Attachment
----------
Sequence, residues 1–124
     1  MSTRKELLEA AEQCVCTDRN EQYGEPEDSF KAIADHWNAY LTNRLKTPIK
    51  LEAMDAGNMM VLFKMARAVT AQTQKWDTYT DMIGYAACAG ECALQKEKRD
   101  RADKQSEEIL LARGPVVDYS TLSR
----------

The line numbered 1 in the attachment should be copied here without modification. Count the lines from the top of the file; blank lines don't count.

Sequence, residues 1–124